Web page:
ti Water-figs too. The main heronry is in
Otters frolicking in the clear waters pro-
the south-western part of the lagoon, and
vide a welcome diversion for even the
here Yellow-billed Storks breed together
most fanatical birder!
with Purple Herons, Western Great and
The woodland areas onto which the
Cattle egrets, Rufous-bellied Herons and
lagoon abuts have a good variety of
Reed Cormorants â€“ breeding activity here
Okavango bush-birds. There is a dis-
peaks during September, but since this
tinct, moist ecotone where Black Coucal,
site is used as a roost year-round, a visit at
Swamp Boubou, White-browed Robin-
any time is worthwhile. Chirping and Lua-
Chat, Yellow-bellied Greenbul and Hart-
pula cisticolas abound in the Miscanthus
laubâ€™s Babbler are to be found. Look out
BIRDS OF THE OKAVANGO
also for the Rosy-throated Longclaw and
which are very common and conspicu-
the rare vagrant Locust Finch in short
ous. It’s also worth searching the un-
moist grasslands adjacent to marshy
dergrowth for Brown Firefinch (and its
areas. At night, Pel’s Fishing Owl, Ver-
brood parasite, the Village Indigobird),
reaux’s Eagle-Owl, African Barred and
Pearl-spotted owlets, and African Scops
ling’s Wren-Warbler. Summer specials
Owl will be heard if not seen in this
include nesting Golden Weavers, Broad-
habitat; similarly with the Fiery-necked
billed Roller, Grey-headed Kingfisher and
and Swamp nightjars. The calls of the
hordes of Southern Carmine Bee-eaters
Mourning Collared and Red-eyed doves,
(opposite the lodges is a site where they
and Black-collared Barbet duets domi-
often breed in large numbers, in flat
nate during the day.
ground). If you’re lucky, you may see a
Further away from the water’s edge,
Thick-billed Cuckoo or Angola Swallow!
there is a bewildering variety of birds, and
The juxtaposition of permanent water
it is not possible to enumerate them all.
with permanently dry mainland areas cre-
A few highlights include Bradfield’s and
ates unique habitats which make this a
other hornbills, and Burchell’s, Meves’s
special part of the Okavango Delta for birds
and Greater Blue-eared starlings, all of
and birders alike.
The Okavango Delta is a stronghold for the Saddle-billed Stork Ephippiorhynchus senegalensis, although the population numbers only approximately 1,000 individuals (250 breeding pairs, and about 500 unpaired, immature birds). This is an indication of the scarcity of the species throughout its African range â€“ nowhere is it abundant. Due to their large size and conspicuous colouration, Saddle-billed Storks are easy to count from a low-flying aircraft; such surveys have been conducted by BirdLife Botswana as part of their monitoring of the avifauna of the Okavango. The huge platform nests, many of which have been in use for decades, are also clearly visible from the air, and BirdLife Botswana maintains a database of all known nests in the Okavango. This species is currently a protected bird in Botswana.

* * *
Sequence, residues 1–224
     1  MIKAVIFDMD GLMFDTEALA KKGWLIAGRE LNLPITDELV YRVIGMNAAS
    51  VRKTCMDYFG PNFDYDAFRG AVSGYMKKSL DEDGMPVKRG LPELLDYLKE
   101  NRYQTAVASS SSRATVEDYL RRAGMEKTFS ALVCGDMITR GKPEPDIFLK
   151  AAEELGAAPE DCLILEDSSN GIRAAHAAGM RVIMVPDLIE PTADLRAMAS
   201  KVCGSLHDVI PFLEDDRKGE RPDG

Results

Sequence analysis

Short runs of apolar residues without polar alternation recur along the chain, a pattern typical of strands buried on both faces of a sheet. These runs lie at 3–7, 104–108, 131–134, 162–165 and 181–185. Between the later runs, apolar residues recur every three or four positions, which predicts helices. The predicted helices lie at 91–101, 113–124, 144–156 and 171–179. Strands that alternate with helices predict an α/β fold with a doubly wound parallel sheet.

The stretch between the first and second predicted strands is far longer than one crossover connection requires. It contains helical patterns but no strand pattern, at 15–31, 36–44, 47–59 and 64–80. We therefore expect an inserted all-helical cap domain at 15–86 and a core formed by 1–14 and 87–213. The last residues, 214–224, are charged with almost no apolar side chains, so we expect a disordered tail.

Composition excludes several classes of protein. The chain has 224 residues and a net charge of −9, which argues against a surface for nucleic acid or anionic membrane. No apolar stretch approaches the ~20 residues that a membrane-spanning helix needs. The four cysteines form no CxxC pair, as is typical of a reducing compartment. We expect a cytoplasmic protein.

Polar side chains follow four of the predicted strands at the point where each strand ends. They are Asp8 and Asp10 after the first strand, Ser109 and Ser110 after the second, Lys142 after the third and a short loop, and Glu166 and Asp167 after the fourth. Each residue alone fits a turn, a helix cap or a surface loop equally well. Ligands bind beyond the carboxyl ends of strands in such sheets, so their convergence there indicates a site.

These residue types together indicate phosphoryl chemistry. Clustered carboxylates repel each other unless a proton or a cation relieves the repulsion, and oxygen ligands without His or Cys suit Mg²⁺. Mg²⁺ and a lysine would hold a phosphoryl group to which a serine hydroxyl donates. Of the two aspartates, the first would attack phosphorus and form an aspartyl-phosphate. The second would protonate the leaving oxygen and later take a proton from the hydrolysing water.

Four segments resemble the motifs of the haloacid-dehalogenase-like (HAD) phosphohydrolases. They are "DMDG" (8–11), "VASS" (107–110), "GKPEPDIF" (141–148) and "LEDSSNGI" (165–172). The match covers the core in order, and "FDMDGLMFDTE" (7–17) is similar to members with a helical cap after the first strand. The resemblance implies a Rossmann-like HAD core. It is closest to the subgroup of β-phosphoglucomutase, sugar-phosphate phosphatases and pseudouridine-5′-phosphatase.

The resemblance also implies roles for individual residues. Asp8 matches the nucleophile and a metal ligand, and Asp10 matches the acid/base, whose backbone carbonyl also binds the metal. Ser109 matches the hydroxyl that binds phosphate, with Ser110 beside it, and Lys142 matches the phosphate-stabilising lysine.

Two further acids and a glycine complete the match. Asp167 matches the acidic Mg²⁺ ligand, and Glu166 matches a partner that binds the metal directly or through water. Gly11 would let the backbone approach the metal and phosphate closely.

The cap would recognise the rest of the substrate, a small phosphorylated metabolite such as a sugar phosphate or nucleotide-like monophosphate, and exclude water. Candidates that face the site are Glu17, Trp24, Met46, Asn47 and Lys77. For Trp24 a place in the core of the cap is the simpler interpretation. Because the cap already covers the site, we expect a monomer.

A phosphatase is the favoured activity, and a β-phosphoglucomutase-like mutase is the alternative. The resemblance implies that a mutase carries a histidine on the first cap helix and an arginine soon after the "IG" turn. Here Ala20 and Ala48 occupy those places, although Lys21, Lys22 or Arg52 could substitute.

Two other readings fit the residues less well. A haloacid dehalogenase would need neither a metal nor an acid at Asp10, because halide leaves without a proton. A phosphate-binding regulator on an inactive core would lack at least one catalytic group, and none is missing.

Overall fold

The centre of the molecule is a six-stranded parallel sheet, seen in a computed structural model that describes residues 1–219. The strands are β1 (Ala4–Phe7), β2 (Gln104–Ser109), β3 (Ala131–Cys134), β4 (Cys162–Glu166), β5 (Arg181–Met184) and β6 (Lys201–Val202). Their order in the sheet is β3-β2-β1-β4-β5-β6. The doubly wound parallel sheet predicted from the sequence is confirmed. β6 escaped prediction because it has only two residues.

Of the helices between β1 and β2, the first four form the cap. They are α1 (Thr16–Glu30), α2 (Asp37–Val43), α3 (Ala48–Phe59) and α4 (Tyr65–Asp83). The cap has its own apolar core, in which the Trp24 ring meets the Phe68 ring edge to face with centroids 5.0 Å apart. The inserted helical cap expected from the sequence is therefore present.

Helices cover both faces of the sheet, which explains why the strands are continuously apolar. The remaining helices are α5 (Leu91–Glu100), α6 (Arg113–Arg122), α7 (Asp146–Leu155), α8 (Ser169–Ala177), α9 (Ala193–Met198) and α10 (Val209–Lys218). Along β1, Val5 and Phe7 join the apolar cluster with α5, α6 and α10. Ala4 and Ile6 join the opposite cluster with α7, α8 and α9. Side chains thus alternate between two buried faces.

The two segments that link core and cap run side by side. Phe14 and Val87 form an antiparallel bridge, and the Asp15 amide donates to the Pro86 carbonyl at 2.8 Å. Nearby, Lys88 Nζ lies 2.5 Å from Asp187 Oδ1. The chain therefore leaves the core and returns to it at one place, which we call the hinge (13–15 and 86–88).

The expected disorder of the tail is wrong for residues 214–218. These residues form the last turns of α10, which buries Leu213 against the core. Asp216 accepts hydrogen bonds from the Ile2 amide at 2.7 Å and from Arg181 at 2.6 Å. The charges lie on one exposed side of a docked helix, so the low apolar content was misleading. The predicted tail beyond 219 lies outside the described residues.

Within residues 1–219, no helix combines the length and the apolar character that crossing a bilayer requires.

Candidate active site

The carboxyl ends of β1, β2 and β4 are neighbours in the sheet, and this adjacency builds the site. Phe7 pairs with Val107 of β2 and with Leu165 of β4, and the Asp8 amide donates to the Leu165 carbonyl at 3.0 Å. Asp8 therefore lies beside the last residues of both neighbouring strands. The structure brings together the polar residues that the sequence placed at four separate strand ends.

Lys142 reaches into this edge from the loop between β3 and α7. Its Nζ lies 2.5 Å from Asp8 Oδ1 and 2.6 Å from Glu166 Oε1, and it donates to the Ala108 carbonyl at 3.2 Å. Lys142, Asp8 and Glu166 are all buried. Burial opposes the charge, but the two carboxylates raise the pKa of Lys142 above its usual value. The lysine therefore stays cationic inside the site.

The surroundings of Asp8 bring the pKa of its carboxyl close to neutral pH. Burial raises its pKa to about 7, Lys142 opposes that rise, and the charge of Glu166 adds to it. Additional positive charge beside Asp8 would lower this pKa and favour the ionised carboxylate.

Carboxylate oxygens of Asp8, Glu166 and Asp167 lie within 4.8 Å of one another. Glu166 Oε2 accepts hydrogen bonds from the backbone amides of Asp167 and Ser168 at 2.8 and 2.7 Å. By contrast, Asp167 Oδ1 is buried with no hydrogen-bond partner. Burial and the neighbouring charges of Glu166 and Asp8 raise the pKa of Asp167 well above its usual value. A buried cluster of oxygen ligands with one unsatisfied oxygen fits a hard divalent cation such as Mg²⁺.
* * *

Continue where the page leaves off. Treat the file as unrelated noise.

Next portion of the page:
In flight, the African Darter Anhinga rufa appears rather ungainly – this is because it is primarily adapted to a life in water. Accordingly, it has webbed feet, a streamlined shape, sharp pointed bill, and a distinct ‘kink’ in the neck – all of which equip it to hunt fish by underwater pursuit. The role of the kink about halfway down the neck may not be obvious – the neck vertebrae and muscles in this region form a trigger mechanism that shoots (or ‘darts’) the bill swiftly at the prey. The fish is harpooned on the spear-like bill, and is then brought to the surface, tossed into the air and swallowed head-first.
The Okavango heronries at Xakanaxa, Gadikwe and Gcobega lagoons in Moremi have collec-
tively been recognized as the largest breeding site for the Marabou Stork Leptoptilos crumeniferus in southern Africa. These sites, and the one at Lediba la dinonyane (Lagoon of the birds) are well-worth visiting during the peak breeding season (September) providing care is taken not to disturb the birds; adults in breeding finery undertake bizarre, ritualised courtship displays prior to constructing their platform nests. Incubation and nestling development are protracted but also interesting to observe. From these breeding sites, it is speculated that the young disperse throughout southern Africa and beyond, underscoring once again, the importance of the Okavango for birds.